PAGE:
A U.S. guided-missile destroyer performed a freedom of navigation operation in the South China Sea on Wednesday, U.S. 7th Fleet announced.
Destroyer USS Russell (DDG-59) sailed near the Spratly Islands, 7th Fleet said in a news release.
“This freedom of navigation operation (‘FONOP’) upheld the rights, freedoms and lawful uses of the sea recognized in international law by challenging unlawful restrictions on innocent passage imposed by China, Vietnam and Taiwan,” the release reads.
Earlier this month, USS John S. McCain (DDG-56) performed a FONOP near the Paracel Islands after the destroyer moved through the Taiwan Strait. Taiwan, China and Vietnam have all staked claims to the islands.
The Navy conducted multiple FONOPS in the South China Sea last year and appears to be continuing that practice under the new Biden administration.
“China, Vietnam, Taiwan, Malaysia, Brunei and the Philippines each claim sovereignty over some or all of the Spratly Islands. China, Vietnam, and Taiwan require either permission or advance notification before a foreign military vessel engages in ‘innocent passage’ through the territorial sea. Under international law as reflected in the Law of the Sea Convention, the ships of all States –including their warships –enjoy the right of innocent passage through the territorial sea,” 7th Fleet said in the news release.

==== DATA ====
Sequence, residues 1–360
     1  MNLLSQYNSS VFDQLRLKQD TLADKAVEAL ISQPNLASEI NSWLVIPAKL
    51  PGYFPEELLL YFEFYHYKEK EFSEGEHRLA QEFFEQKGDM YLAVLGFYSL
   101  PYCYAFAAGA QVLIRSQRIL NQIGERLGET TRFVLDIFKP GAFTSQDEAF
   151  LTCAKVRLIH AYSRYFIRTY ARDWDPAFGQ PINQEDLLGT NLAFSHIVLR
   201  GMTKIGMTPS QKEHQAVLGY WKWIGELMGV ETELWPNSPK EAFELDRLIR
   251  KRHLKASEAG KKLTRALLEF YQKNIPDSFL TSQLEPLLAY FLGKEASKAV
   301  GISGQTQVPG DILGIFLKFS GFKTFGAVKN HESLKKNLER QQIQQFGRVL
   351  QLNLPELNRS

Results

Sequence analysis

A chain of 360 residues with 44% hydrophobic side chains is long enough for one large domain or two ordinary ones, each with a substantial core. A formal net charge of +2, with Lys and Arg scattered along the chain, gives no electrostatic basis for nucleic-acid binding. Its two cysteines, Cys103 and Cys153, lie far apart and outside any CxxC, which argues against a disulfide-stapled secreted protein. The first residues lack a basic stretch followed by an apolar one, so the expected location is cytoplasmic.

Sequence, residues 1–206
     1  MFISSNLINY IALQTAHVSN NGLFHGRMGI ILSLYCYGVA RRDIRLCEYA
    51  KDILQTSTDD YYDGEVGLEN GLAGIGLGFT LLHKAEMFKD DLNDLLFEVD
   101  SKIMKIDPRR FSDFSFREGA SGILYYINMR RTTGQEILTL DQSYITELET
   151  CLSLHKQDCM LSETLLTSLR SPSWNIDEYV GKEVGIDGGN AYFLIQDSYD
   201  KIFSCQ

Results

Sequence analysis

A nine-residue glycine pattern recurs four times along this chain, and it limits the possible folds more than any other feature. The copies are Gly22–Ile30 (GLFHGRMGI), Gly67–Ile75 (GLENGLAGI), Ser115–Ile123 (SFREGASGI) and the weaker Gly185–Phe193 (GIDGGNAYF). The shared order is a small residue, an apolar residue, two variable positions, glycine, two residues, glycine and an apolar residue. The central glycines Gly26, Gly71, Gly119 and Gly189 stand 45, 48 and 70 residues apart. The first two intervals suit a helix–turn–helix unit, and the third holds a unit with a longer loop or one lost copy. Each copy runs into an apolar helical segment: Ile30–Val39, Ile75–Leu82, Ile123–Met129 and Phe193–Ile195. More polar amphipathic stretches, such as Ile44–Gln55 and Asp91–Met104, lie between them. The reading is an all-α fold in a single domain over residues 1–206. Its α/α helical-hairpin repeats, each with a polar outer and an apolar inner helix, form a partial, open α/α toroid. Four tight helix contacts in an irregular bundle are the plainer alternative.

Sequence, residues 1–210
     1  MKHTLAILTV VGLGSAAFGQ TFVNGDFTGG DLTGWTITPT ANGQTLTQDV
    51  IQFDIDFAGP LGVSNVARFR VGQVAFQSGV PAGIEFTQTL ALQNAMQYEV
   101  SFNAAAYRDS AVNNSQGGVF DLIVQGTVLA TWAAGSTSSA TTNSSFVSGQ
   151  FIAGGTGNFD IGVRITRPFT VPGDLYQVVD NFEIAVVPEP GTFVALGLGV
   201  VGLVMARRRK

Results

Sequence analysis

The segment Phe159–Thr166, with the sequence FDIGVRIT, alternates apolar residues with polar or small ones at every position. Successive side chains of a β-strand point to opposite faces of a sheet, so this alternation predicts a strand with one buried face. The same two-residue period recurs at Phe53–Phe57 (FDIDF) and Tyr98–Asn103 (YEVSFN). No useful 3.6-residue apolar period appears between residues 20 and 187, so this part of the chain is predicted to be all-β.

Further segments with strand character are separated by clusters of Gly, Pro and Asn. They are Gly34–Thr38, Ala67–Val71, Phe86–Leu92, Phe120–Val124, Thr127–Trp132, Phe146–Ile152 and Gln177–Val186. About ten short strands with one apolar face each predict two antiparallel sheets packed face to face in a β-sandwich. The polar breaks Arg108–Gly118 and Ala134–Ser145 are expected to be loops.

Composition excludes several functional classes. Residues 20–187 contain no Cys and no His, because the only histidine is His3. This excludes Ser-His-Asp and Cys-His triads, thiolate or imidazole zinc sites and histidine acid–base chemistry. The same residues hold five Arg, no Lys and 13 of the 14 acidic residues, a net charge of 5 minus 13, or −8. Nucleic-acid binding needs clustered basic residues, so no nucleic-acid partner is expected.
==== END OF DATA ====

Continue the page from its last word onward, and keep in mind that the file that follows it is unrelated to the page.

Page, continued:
“The unilateral imposition of any authorization or advance-notification requirement for innocent passage is not permitted by international law,” it continued. “By engaging in innocent passage without giving prior notification to or asking permission from any of the claimants, the United States challenged these unlawful restrictions imposed by China, Taiwan, and Vietnam. The United States demonstrated that innocent passage may not be subject to such restrictions.”
Two carrier strike groups also participated in dual-carrier exercises earlier this month in the South China Sea, USNI News recently reported.
The Nimitz Carrier Strike Group and the Theodore Roosevelt Carrier Strike Group linked up last week to perform the dual-carrier operations. Rear Adm. Doug Verissimo, who commands Carrier Strike Group 9, told reporters at the time that the CSGs did not observe any abnormal responses from China.
“We didn’t see anything significantly out of the norm with our two carriers coming together for this rendezvous,” Verissimo said.
“We left Guam about a week ago. Nimitz was on their way home and it was a great opportunity to come together and the fact that we came together in the South China Sea was based on our navigation plan and making the most efficient route to and from our areas,” he continued. “So we didn’t see anything beyond normal patterns of life when we were operating together over the past couple days.”